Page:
How to detect and prevent heat stress in pigs on farm?

  • Subject
    Description of heat stress on farm in all pig categories, with the focus on lactating sows and finishing pigs
  • Target audience
    Competent Authorities, inspectors and welfare policy workers of the EU Member States
More info and sources
With increasing global temperatures, the risk of heat stress for farm animals is growing. EURCAW-Pigs published a review and webdossier, and inspection tools, to support welfare inspectors and other stakeholders in the field of climate control on pig farms.

The review describes heat stress in all pig categories, but with the focus on lactating sows and finishing pigs. The review is concluded with practical advices to prevent heat stress in pigs, beneficial for animal welfare, performance and working conditions.



As pigs are not able to sweat and in livestock houses they generally do not have the opportunity to wet themselves, an ambient temperature above the upper critical temperature leads to reduced welfare and performance. This upper critical temperature varies per pig category (including weight) and is considerably lower for lactating sows than for newborn piglets. At high humidity even lower temperatures can lead to heat stress.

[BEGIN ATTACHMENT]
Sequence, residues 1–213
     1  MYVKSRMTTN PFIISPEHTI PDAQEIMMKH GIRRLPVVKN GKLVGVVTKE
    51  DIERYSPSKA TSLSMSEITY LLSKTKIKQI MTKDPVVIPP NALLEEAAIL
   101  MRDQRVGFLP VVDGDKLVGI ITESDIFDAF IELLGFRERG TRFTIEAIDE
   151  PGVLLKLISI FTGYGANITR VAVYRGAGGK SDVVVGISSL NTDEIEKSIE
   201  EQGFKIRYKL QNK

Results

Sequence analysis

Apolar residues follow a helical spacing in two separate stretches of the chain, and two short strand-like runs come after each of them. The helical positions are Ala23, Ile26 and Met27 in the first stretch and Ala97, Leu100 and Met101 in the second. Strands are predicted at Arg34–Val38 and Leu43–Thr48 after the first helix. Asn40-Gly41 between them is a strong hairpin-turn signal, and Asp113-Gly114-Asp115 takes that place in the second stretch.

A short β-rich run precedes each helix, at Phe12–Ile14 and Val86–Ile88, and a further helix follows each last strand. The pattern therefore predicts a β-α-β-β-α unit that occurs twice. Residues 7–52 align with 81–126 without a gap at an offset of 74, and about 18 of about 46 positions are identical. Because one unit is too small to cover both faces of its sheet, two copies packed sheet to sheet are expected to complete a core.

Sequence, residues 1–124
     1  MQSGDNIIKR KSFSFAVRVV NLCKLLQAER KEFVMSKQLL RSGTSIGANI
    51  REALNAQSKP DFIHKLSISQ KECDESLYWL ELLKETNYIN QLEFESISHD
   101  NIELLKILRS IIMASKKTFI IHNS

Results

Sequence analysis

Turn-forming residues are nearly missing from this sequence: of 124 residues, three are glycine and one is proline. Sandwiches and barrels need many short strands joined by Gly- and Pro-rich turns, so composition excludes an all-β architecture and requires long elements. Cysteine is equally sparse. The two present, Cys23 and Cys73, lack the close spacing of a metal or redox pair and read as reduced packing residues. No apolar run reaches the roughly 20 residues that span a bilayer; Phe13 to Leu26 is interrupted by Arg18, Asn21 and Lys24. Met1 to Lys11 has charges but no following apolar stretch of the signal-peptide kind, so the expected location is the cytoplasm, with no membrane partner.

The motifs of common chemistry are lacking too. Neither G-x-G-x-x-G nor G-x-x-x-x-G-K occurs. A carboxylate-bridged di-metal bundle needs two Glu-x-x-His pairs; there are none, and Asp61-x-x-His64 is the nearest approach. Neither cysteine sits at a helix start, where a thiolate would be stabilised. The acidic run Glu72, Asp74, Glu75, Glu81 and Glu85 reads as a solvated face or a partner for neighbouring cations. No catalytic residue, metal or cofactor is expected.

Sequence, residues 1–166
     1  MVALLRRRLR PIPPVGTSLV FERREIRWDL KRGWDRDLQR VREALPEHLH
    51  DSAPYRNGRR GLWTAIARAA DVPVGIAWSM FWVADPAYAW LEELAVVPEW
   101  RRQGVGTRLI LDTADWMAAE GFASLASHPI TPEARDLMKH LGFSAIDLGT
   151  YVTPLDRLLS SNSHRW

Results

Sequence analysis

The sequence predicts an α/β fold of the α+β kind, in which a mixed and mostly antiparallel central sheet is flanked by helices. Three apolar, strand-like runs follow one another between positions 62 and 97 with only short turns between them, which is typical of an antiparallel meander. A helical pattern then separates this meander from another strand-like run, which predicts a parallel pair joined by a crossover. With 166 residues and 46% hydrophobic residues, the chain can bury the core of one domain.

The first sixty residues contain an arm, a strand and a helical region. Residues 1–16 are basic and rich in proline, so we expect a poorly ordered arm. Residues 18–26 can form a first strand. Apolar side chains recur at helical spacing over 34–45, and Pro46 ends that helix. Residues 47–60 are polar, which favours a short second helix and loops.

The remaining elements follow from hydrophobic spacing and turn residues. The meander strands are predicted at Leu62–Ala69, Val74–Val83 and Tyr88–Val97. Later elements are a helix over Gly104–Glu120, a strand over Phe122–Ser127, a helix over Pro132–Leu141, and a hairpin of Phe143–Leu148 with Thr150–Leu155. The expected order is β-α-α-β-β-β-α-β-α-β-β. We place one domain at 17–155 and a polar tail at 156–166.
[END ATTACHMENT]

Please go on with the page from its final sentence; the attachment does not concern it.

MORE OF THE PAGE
Measures to prevent heat stress can preferably be combined with the weather forecast to prevent heat accumulation in pig buildings. The main measure is to regularly check indoor temperature and relative humidity and to use a table on corresponding temperature-humidity-index values to assess the heat burden of animals and to start with countermeasures before the threshold is reached.

Tools for welfare inspection

When visiting a pig facility it is necessary to have a toolbox of indicators to detect heat stress. There are many indicators available, both environmental (risk factors) and animal based, of which some show an acute, others a longer term effect (pen fouling) of heat stress. Individual indicators are not sufficient as a signal for heat stress, a combination of indicators is a better proof. The following indicators - described in indicator factsheets - are recommended as the most useful and proven indicators for heat stress:

The corresponding webdossier is based on the review, and also includes suggestions for national training (training guide) in EU Member States on the topic of heat stress in pigs.

Official inspectors and experts from member states are invited to contact EURCAW-Pigs with any suggestions, comments or questions to further improve the review.

Introphoto: Thermoregulation (©WUR)